The alternative safety resolution would be to make maybe 2 'key-stone' "retainers". What I mean by this is, instead of modifying the box itself, I would get a few metal brackets, cover them in foam/carpet, and mount them in such a way that they serve as restraining 'clips' for the sub boxes. I would place these at the 'high leverage' points around the edge - meaning that most of the restraining mechanism would be the actual snug fit into the countoured side pocket, where the clips would basically prevent the sub from ever sliding out of this side pocket - hence 'key-stone'. Pros of this solution is again, faster, cheaper, easier. Cons are, well appearence really :P


Thanks!

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Old 05-03-2011, 04:28 PM
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1...pull the 14 gage wire with some plieres til it snaps near the hole or slides out. widen the hole woith a bit to the appropriate size for the new wire. seal from inside with silicone. drill from the outside for a cleaner hole.


2....make a flat mdf base for the enclosure to be mounted to then screw it to the floor...if it was me,id just screw thru the mdf base on the inside of the sub box into the trunk floor.
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Old 05-03-2011, 04:45 PM
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You could use some 1/4-20 brass bolts threw the box and use ring terminals on both sides inside and out connected with the brass bolts .... take the 14 gauge and cut it flush and silicone it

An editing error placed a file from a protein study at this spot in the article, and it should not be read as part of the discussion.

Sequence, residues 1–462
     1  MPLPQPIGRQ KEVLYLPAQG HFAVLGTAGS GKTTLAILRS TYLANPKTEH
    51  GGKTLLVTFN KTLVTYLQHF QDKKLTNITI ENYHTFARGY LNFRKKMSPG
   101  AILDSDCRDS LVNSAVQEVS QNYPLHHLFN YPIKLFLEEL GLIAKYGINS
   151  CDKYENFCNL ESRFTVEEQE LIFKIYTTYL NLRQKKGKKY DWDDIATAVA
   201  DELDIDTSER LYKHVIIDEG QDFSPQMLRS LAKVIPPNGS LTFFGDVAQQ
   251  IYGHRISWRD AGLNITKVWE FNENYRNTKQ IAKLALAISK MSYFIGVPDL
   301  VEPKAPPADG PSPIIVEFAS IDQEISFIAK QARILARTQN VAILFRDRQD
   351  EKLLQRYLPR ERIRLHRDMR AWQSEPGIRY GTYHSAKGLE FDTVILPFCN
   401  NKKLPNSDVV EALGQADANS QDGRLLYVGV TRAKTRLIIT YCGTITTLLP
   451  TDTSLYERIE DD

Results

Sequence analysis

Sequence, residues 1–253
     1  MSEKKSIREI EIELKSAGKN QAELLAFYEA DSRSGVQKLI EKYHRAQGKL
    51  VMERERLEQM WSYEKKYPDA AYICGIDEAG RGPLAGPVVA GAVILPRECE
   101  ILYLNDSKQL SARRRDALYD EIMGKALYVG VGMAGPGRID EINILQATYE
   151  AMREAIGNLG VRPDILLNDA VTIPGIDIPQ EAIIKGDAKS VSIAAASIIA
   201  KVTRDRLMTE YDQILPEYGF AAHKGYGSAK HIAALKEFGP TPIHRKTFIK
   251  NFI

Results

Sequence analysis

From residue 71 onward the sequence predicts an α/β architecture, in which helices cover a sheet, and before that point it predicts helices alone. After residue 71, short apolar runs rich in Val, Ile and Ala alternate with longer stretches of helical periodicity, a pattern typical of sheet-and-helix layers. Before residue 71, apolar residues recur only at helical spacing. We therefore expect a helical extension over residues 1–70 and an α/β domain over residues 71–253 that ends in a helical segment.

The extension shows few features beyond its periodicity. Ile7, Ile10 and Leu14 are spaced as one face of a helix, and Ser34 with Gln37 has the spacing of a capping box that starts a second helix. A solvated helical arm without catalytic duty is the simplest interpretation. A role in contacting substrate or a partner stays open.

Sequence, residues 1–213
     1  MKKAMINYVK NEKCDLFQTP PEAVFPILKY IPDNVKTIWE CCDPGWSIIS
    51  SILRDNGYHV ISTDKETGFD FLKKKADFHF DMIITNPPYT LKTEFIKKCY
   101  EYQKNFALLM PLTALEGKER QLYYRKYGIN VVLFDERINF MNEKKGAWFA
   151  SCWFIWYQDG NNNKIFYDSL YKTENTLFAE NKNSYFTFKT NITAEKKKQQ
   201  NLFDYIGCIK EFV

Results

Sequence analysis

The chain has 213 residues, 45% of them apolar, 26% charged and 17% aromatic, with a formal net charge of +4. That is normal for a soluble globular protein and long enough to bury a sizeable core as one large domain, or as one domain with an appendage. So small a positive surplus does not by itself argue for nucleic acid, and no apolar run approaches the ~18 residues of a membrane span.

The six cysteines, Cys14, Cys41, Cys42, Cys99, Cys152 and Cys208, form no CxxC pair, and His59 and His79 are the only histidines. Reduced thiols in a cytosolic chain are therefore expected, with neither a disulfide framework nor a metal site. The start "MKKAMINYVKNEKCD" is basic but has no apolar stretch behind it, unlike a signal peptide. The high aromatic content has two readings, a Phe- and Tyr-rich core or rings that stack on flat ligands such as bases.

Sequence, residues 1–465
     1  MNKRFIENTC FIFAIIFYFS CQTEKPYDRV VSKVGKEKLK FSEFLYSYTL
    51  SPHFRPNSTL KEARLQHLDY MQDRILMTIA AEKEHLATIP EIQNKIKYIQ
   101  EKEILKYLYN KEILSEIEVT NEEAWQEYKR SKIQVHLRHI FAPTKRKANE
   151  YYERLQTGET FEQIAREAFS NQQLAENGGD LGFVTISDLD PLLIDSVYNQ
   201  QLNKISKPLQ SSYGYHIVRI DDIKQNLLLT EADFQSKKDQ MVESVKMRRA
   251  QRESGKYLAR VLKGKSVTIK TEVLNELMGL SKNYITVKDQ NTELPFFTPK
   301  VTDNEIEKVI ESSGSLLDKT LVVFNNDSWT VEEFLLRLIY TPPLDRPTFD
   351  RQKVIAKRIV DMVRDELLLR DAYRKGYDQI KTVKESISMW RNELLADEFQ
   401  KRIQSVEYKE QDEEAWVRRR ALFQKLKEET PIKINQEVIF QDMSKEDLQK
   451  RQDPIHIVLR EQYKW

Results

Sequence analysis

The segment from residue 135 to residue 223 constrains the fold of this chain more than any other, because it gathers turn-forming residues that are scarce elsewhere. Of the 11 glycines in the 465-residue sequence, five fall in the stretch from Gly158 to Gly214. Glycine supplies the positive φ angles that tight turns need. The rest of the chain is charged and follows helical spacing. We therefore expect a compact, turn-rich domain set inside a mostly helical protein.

For mounting it ...what he said ^^^^
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Old 05-03-2011, 04:45 PM
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Rico - RE first part, definitely worth consideration. Silicone will make the necessary seal? Or should use some resin to ensure strength?

RE the 2nd part - this isn't doable. The entire box is made of glass with the exception of of the MDF rings for actually mounting the sub. Furthermore, the boxes actually do need to be somewhat easily removable as they actually block the access to the brake lights when in place. Also, I kinda wanted to keep the jack in its pocket which is behind the right box. I keep a supply of basic tools (screw drivers, wrenches, flashlight, crowbar) in the car at all times, so an external bolt would be no issue to remove should I get a flat or something.

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Old 05-05-2011, 07:56 AM
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Quote:
Originally Posted by gnesterenko View Post
Rico - RE first part, definitely worth consideration. Silicone will make the necessary seal? Or should use some resin to ensure strength?